An Industrial Designer's House Blends Economy and Simplicity

By Brian Libby / Published by Dwell
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This house In Portland, Oregon, makes the most out of its material palette.

"I’ve spent my whole life designing things," says Nick Oakley, who has worked for more than a decade as an industrial designer for Intel in Portland, Oregon, and, before that, Ideo in San Francisco. And yet his greatest design challenge—and opportunity—arose when he decided to build a house for himself. Oakley started by hiring Ben Waechter, a Portland architect whose work had caught his eye on a pair of home tours. "Ben’s work has a humility about it: a sense of purity and functionality, and a simple architectural gesture that made it stick in my head," he says.

Architect Ben Waechter wrapped the upper floor of Nick Oakley’s house in inexpensive black corrugated steel. By rounding the corners, Waechter avoided unsightly trim at the edges.

Oakley was happy to find a house in Portland’s popular Alberta district, but at 1,200 square feet, he found it to be too small for himself and his 11-year-old daughter. Waechter’s plan used the structure’s existing 28-by-28-foot foundation and some of its walls, saving money up front. He opened up the ground floor and added 800 square feet in the form of a second story that cantilevers over both the front and rear elevations. The result-ing T-shape is the sort of simple, bold gesture that attracted Oakley to Waechter’s past work—and a practical one, allowing space for four bedrooms and a laundry room upstairs. 

Oakley furnished his living area with a Karlstad sectional sofa from Ikea and a pair of City Slicker side tables from CB2.

On the ground level, walls and floors were clad in maple for a warm, almost cocoon-like feel that’s interrupted only by an all-white Ikea kitchen. "We wanted some natural materiality in the house," Waechter explains. "But, for budgetary reasons, we couldn’t do it everywhere." So he deployed the maple in the main living space and used less-expensive drywall elsewhere. He adds, "The material palette creates a hierarchy of spaces."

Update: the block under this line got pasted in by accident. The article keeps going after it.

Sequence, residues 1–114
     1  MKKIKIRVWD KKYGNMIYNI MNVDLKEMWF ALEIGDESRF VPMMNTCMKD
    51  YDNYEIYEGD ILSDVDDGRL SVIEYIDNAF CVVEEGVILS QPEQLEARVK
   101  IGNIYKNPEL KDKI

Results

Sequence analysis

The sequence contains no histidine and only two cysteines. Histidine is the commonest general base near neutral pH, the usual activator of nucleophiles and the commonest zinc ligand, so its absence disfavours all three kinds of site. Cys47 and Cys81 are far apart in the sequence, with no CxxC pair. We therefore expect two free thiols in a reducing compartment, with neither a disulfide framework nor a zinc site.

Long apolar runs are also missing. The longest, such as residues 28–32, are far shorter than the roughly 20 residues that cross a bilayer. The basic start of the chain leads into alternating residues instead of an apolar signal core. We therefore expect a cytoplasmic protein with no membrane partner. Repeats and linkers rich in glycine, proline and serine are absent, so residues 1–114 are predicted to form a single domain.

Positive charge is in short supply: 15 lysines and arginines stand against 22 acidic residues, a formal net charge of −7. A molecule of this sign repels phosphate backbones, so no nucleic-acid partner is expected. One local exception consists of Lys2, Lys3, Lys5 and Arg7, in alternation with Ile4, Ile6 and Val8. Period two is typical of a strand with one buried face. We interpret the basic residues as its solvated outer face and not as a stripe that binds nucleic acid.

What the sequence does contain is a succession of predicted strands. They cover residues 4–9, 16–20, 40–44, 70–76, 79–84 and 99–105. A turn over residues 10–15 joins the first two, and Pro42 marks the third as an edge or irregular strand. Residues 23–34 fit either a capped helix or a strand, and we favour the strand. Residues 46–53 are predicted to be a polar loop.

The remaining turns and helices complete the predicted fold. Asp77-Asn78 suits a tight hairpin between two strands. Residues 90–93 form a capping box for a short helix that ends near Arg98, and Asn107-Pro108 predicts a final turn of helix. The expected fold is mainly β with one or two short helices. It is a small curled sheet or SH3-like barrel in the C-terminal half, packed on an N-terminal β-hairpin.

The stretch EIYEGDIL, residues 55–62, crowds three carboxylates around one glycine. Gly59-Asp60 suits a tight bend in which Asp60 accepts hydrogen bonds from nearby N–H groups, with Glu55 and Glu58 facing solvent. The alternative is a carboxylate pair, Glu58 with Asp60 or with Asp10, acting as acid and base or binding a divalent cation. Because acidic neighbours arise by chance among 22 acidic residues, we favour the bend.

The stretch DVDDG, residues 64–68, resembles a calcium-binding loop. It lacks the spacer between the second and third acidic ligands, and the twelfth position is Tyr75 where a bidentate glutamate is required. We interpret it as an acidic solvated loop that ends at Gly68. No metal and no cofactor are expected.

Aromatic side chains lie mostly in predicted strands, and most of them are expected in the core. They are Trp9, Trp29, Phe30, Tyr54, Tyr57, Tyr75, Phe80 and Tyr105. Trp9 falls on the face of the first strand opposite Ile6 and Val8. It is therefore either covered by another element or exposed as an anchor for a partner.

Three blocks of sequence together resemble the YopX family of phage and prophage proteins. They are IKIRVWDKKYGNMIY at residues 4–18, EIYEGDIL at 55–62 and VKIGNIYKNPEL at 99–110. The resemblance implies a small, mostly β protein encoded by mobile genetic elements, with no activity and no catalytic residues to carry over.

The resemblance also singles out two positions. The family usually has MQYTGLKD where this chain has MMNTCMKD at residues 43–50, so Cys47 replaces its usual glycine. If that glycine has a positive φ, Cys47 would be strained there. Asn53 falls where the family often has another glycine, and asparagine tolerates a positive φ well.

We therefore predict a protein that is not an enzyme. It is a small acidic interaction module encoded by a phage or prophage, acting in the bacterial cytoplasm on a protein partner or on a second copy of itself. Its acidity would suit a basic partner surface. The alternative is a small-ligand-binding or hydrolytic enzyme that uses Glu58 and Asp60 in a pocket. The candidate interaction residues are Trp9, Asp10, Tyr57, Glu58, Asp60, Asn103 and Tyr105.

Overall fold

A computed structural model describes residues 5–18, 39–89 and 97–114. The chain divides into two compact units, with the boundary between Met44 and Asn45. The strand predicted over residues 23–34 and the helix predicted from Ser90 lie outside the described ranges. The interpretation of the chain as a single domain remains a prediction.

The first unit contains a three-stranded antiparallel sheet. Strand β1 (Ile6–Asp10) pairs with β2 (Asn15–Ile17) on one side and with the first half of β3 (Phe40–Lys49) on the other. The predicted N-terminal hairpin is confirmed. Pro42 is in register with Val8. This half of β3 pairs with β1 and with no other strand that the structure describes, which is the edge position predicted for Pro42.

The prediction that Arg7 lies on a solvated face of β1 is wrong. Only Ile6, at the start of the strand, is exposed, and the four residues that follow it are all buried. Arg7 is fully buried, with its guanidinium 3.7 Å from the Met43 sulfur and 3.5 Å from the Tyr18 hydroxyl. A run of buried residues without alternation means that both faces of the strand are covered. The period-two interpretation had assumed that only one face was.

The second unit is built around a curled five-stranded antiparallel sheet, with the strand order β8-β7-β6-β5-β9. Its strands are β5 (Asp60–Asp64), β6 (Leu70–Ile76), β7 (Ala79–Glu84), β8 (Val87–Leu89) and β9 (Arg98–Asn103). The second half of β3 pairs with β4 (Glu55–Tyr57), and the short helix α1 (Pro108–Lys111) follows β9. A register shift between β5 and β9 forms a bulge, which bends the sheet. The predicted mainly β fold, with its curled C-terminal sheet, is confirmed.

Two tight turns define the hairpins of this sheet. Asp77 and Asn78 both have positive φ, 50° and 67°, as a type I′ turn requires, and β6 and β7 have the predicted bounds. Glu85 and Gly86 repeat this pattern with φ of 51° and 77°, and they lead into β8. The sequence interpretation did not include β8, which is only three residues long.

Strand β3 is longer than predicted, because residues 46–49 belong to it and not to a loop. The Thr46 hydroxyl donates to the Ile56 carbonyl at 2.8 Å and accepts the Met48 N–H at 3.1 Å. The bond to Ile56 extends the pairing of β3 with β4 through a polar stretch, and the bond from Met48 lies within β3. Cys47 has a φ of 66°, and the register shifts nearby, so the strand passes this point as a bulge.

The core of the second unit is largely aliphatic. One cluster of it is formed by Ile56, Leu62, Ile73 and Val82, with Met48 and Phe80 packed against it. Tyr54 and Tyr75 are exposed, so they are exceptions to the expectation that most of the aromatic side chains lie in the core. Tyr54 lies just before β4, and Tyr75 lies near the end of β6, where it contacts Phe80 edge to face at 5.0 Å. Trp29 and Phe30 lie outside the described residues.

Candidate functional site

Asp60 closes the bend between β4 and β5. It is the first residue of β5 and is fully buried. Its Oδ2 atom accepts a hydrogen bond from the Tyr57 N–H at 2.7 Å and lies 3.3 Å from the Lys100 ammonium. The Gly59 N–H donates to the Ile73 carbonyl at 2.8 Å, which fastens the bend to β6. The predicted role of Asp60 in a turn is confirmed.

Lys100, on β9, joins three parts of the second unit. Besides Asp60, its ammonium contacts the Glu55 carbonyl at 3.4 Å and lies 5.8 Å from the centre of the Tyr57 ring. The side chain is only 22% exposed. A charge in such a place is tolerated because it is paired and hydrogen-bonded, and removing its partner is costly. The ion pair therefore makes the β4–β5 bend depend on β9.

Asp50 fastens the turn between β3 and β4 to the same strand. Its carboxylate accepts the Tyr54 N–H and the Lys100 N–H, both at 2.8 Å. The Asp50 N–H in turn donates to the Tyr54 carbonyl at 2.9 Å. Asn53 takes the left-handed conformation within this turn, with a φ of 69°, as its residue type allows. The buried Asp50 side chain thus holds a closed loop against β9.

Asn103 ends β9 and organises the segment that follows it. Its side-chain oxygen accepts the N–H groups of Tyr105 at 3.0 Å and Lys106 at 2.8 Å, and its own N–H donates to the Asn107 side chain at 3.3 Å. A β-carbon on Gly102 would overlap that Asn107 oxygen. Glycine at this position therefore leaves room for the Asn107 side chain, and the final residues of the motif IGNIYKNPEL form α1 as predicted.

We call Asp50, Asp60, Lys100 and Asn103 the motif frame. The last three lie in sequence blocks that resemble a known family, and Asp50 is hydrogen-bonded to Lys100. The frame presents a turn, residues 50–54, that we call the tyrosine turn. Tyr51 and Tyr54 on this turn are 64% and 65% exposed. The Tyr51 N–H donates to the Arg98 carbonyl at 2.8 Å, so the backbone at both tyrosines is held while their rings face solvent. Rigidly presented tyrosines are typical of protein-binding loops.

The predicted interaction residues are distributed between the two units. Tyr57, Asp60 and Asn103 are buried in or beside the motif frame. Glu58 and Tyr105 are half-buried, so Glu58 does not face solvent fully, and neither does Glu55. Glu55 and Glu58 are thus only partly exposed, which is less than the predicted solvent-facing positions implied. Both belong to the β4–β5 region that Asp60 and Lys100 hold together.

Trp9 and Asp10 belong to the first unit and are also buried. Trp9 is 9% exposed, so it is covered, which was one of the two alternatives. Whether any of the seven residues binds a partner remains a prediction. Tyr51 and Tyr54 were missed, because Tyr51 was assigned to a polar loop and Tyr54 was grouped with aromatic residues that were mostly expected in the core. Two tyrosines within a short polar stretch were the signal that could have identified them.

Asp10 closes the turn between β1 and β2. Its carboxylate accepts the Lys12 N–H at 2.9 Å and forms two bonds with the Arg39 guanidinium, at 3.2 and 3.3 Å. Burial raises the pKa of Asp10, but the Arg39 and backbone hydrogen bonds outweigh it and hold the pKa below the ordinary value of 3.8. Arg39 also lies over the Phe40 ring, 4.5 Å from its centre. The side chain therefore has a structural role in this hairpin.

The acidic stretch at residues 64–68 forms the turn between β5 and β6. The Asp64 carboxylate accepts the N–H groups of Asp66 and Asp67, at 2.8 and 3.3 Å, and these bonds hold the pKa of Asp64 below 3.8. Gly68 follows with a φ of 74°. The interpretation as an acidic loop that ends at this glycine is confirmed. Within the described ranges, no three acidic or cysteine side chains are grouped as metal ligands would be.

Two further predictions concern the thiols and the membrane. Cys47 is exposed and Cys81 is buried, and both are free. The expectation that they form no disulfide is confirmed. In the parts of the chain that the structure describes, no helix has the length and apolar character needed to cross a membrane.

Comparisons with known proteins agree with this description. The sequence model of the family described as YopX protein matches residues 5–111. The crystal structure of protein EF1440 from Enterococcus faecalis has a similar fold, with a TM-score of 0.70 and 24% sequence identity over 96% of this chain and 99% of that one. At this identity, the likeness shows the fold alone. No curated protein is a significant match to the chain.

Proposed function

The kitchen is outfitted with Akurum cabinets from Ikea. The island is also an Ikea cabinet, customized with maple panels to match the flooring.

In industrial design, product development requires much trial and error. Oakley worried that Waechter, like any architect, had only one chance to get the design right. "I thought, ‘It’s a prototype,’" he recalls. "I was kind of tormented by anxiety about it not being right. But we were always on the same wavelength." Now he has a working prototype—with a high return on his investment. 

Waechter designed the custom bookshelf, which Oakley uses to define distinct spaces for living and dining.

A Beat Light pendant lamp by Tom Dixon hangs above a table and Felix side chairs from Crate and Barrel.

Floor-to-ceiling windows from Sierra Pacific offer views across a cedar deck to the backyard. Oakley says he and Waechter asked themselves, “How would we build something that’s functional and warm and utilitarian, and have some vestige of familiar architectural reference?”

The master bathroom is clad in inexpensive tile from Daltile. The wall-hung toilet is by Duravit.

In the master bedroom, a Mandal bed from Ikea is draped with a Tuuli duvet cover by Marimekko.

Oakley House Floor Plan

A Storage

B Living Room

C Kitchen

D Dining Room

E Master Bedroom

F Master Bathroom

G Closet

H Laundry

I Guest Bedroom

J Child’s Bedroom

K Bathroom

Project: Oakley House

Brian Libby


Brian Libby is a Portland-based architecture writer who has contributed to Dwell since 2004. He has also written for The New York Times, Architect, CityLab, Salon, Metropolis, Architectural Record and The Oregonian, among others. Libby additionally writes the Portland Architecture blog and is an award-winning filmmaker and photographer.

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